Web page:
Eli swallowed once and found his gaze wandering back outside the tent flap and into the growing dusk. The men were going about their evening duties, and fires threw sparks up into the darkening sky. A seeming aura of peace encompassed the camp, but Eli could feel a tenseness in the air that he had never noticed before. Shifting his weight from one foot to the other, he glanced down at the letter and shook his head.
“I found a group of people holding a spring dance,” he said simply.
“Rebel sympathizers?” the aide queried with narrowed eyes.
All of a sudden, Eli’s blue eyes snapped wide open, and he slammed his hands down on the desk, looking his captain straight in the eyes.
“I think I know where to find your men.”
As Eli stepped across the crisp, yellowed grasses that only the day before had surprisingly held so much strange enjoyment for him, his eyes began to squint into the woods ahead of him. The trees began at the direct other side of the clearing, trees that he knew would by now have been vacated of the living.
Pushing boughs and branches out of his face, Eli forged his way ahead with the needle on his compass still pointing due south. Ten minutes—fifteen—thirty…time passed as the sun climbed higher up in the sky.
Finally, he glimpsed it. Glimpsed what he had never thought to willfully be seeing before.
Small wisps of white smoke eddied up from fires quickly-cooled, marks marring the ground where stakes had been pounded into dirt packed down by hundreds of brogans. Eli rested a hand on a nearby tree and let his eyes wander over the campsite. It wasn’t much to look at now, but he could still almost feel the presence of all those soldiers that had moved out most likely at dawn. Sleep-deprived and with hunger gnawing incessantly at their stomachs, the gray-coats had begun the march that all knew would be their last, but they had done it. Hadn’t shied away from fear of losing their lives for life the way they had always known it as. For their homes and for their families.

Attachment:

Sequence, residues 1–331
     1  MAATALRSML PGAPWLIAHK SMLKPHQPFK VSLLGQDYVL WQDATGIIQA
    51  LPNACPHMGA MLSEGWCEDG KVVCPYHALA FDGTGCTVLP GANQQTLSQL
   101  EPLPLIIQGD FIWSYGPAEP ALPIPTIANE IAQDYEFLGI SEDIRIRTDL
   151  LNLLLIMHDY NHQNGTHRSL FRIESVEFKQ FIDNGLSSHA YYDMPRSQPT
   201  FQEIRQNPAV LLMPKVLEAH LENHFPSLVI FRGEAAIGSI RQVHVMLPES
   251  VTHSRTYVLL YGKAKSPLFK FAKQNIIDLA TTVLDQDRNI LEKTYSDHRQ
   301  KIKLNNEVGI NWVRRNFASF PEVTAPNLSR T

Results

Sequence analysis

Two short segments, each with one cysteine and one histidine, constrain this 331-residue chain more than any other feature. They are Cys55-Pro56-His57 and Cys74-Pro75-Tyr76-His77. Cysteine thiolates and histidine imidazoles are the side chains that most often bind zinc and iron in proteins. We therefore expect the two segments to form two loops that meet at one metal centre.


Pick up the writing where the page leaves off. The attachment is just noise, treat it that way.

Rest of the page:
He closed his eyes and let a deep sigh rush from deep in his lungs and out of his mouth. He hadn’t realized it, but perhaps he was as wearied of the war as the woman had said he was.
Eli moved on through the camp and suddenly stopped with his breath abruptly snatched away.
The darkly-colored wool was the first thing that caught his eye, and then the death-white pallor of three men’s faces gawking up at the stretches of blue sky betwixt the tree boughs. Unblinking and unmoving, all eyes were fixed in that eerie, glassy-eyed stare that sent a shiver down Eli’s spine. Private Jennings, Corporal Ryker, Sergeant Leighs…all men that he had seen for every day of the last four years, men that he had survived battles with. And here they all were, strewn on the ground like—like they were nothing, meant nothing, and the lives that had given were nothing. Eli covered his face with his hands.
When he reopened them, his gaze fell upon a sheet of paper tacked to Sergeant Leighs’ coat and was fluttering in the wind that gusted through the trees.
To all who may happen to come upon these three men, let it be known that this was no random lynching. Yesterday afternoon, on the twenty-third, these men attempted to kill one of our generals after escaping the field hospital with the lives of all of our wounded men.
Had they seen him…had they ventured closer to the dance and heard it all? Eli had no way of telling for sure, but what he did know was that he would lay down his rifle and fight this war against his brothers no more.